Tuesday, 26 November 2013

Hoysaleswara Temple (halebeedu)

The Hoysaleswara temple is dedicated to Lord Shiva, who is the destroyer of the Universe as per Hinduism. This temple was built during the 12th century and the Hoysala King Vishnuvardhana built it. During the 14th century the Muslims invaded Halebidu and looted its riches and wealth. The temple was razed and neglected by the rulers. Hoysaleswara was also referred to as Dwarasamudra or Dorasamudra. The distance from Belur to Halebidu is about 16 kilometres; Hassan to Halebidu is about 31 kilometres

Hoysaleswara Temple has two shrines, one dedicated to Hoysaleswara and another for Shantaleswara (named after Shantala Devi, queen of King Vishnuvardhana). Standing on a raised platform, the temple is made out of Chloritic Schist (Soapstone, also known as potstone). Both of the shrines are located next to each other, facing the east direction. The shrine comprises the Shiva lingam (phallic form of Lord Shiva), the universal symbol of Lord Shiva

The Shiva and Parvathi temple was built by King Vishnuvardhana. It was the Shaivas who contributed money and wealth for building this beautiful temple. During this time, the Chennakesava temple which was a Vaishnava temple was being built. The building of the Hoysaleshwara temple was carried out as a competition to the Chennakesava temple. The temple has a very big tank which was built during the 11th century. The water to this tank is supplied from the Yagachi River.

Tuesday, 8 October 2013

Belur Chennakesava Temple

The historic town Belur, one of the monuments of Karnataka, is beautifully set on banks of Yagachi river, amidst lush surroundings, in Hassan district of Karnataka. It was formerly known as Velapuri and was chosen as the alternate capital city by the Hoysala’s after the ransacking and destruction of their then capital Dwarasumudra (now known as Halibeedu or Halibidu) by the sultans of the Northern India.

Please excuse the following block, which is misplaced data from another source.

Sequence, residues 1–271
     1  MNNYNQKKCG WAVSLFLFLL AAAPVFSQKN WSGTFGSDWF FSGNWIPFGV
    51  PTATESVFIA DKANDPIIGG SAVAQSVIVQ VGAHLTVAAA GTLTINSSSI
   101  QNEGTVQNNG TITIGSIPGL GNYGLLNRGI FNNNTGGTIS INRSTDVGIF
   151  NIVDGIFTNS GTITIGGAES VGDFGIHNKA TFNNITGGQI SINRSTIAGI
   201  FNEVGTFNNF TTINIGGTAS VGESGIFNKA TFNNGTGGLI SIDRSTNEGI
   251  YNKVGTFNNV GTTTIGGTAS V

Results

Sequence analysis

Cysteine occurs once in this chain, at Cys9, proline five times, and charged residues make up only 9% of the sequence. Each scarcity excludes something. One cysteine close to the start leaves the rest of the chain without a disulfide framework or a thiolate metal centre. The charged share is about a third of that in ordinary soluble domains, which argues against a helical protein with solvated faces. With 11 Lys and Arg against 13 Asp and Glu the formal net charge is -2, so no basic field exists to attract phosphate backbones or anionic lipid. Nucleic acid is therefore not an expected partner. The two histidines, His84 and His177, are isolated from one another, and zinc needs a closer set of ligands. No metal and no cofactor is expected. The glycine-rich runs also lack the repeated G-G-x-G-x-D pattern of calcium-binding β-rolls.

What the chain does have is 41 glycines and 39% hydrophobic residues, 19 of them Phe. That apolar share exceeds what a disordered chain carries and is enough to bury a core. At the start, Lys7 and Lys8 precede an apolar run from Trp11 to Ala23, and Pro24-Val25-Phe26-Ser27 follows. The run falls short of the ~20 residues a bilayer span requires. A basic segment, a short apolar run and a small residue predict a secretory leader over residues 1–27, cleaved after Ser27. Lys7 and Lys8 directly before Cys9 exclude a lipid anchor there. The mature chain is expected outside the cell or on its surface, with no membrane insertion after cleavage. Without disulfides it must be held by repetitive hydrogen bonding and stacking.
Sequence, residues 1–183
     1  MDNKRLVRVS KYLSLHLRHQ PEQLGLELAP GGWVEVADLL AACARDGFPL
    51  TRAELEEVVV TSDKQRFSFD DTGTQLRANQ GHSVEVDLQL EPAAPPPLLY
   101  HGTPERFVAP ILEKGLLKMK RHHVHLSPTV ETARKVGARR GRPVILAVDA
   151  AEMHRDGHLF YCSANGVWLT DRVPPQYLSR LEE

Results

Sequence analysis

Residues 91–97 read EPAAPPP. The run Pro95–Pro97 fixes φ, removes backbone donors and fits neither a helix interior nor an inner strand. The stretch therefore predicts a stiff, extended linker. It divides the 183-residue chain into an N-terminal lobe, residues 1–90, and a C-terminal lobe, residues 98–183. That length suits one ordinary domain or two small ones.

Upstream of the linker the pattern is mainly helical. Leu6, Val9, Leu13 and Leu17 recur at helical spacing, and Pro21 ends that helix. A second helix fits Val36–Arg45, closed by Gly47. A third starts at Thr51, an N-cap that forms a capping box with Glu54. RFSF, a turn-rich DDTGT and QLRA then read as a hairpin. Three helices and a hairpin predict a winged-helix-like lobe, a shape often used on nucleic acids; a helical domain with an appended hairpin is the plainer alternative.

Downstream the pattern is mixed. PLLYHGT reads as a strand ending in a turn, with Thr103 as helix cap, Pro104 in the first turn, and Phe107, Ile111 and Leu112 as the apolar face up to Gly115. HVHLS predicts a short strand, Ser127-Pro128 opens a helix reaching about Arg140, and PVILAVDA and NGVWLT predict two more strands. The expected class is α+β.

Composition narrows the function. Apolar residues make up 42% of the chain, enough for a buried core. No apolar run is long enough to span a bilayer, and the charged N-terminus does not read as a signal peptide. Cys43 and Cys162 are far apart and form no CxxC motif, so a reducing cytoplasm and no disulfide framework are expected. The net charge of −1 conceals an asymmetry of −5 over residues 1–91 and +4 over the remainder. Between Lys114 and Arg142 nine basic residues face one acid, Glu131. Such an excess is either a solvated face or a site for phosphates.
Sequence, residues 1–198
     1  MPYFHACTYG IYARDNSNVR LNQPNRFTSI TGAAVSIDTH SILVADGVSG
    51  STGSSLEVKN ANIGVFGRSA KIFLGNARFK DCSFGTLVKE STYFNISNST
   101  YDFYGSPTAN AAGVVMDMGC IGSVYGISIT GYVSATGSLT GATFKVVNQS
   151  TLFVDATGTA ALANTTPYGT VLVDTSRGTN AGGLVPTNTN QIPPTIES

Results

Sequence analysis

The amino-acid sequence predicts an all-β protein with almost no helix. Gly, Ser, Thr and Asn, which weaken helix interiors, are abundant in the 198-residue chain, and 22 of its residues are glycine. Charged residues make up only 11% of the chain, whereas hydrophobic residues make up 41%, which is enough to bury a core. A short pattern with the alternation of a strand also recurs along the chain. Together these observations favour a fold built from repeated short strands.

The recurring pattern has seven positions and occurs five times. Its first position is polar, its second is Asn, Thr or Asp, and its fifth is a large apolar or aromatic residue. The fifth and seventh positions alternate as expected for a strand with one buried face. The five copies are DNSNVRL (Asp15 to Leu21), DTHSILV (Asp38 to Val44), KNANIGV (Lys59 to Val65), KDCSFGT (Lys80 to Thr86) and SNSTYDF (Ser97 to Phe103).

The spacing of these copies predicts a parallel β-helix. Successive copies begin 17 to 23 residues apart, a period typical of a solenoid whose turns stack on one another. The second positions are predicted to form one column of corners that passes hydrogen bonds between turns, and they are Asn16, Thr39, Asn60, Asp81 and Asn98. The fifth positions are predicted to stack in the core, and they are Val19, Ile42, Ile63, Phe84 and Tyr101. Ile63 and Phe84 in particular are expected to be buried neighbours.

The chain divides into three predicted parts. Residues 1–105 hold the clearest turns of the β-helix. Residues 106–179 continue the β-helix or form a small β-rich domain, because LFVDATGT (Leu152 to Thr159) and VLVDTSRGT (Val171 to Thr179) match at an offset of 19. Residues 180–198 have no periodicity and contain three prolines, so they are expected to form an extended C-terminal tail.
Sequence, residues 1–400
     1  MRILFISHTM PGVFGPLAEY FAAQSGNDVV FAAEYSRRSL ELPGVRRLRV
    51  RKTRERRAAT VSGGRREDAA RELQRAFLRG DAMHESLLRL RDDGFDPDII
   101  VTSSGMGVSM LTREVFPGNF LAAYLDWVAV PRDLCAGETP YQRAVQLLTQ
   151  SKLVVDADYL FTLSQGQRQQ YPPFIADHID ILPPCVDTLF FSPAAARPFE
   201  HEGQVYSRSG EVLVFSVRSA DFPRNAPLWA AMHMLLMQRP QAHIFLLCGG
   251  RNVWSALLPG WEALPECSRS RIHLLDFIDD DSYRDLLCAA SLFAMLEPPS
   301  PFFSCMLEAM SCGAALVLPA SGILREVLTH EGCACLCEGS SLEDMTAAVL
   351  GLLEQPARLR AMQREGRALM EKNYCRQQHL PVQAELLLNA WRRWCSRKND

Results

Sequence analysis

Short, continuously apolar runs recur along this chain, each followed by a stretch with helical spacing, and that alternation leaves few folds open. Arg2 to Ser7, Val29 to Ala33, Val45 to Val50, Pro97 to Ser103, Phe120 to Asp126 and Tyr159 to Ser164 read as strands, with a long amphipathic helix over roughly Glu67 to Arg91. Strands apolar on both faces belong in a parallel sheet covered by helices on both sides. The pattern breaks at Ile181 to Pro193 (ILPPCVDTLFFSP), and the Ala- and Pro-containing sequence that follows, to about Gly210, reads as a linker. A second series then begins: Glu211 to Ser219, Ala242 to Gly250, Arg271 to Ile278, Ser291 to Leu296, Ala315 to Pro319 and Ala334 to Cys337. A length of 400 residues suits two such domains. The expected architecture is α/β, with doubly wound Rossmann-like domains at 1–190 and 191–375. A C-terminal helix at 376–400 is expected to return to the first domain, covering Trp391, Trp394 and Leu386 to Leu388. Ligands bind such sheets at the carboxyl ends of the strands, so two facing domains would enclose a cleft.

Hoysalas ruled the Deccan and the parts of present day Tamilnadu, between 11th and 13th Centuries. The Hoysala dynasty is said to have been named after the words ‘Hoy Sala’- Hoy means ‘Strike’, Sala is the name of a legendary leader called ‘Sala’. Sala is said to have killed a lion which was ready to pounce on a meditating Guru Sudatta Muni who in turn blessed him by giving him the power to rule. By virtue of this heroic act he becomes the leader of the tribe and gradually emerges as the king. The Sala symbol was King Vishnuvardhana's creation and became the Hoysala symbol or crest, from his time

As you look up at the corners of the temple exterior, you are left spellbound at the ultimate sculptural beauties, that adorn it. The bracketed figurines called the Madanikas or celestial nymphs are no doubt the highlight of the temple's magnificant architecture. Exclusive to Belur, the Madanikas lift the glory of the temple to unprecedented heights of excellence. And there are as many as 42 of them, of which 38 adorn the exterior walls while the remaining four are placed inside on the ornate ceiling. The Madanikas are said to be inspired by the beautiful Queen Shantaladevi, epitomising the ideal feminine form. The variety of poses and subjects that these represent is something to marvel about. Each depicts a mood and all are amorous. 'The Beauty with a mirror-Darpana Sundari', 'The lady with the parrot', 'The Huntress', 'The Bhasma-Mohini' are some of the favourites. All these and more are carved with utmost care and clinical precision, making them come alive.


If one is willing to spend enough time at Belur, there is no end to the pleasures one experiences in gazing at the different mythological tales that these time-tested monuments have to narrate. The temples create magic during the early hours of the day, just before sunrise, when a tranquil atmosphere surrounds them. This is the best time to enjoy and understand the poetry of these stone images. The transition from dawn to after sunrise is also something not to be missed. Suddenly the temple brightens up bringing with it the liveliness of the local devotees, who begin to throng in, as part of a daily ritual. A total different mood sets in, that of colour and light.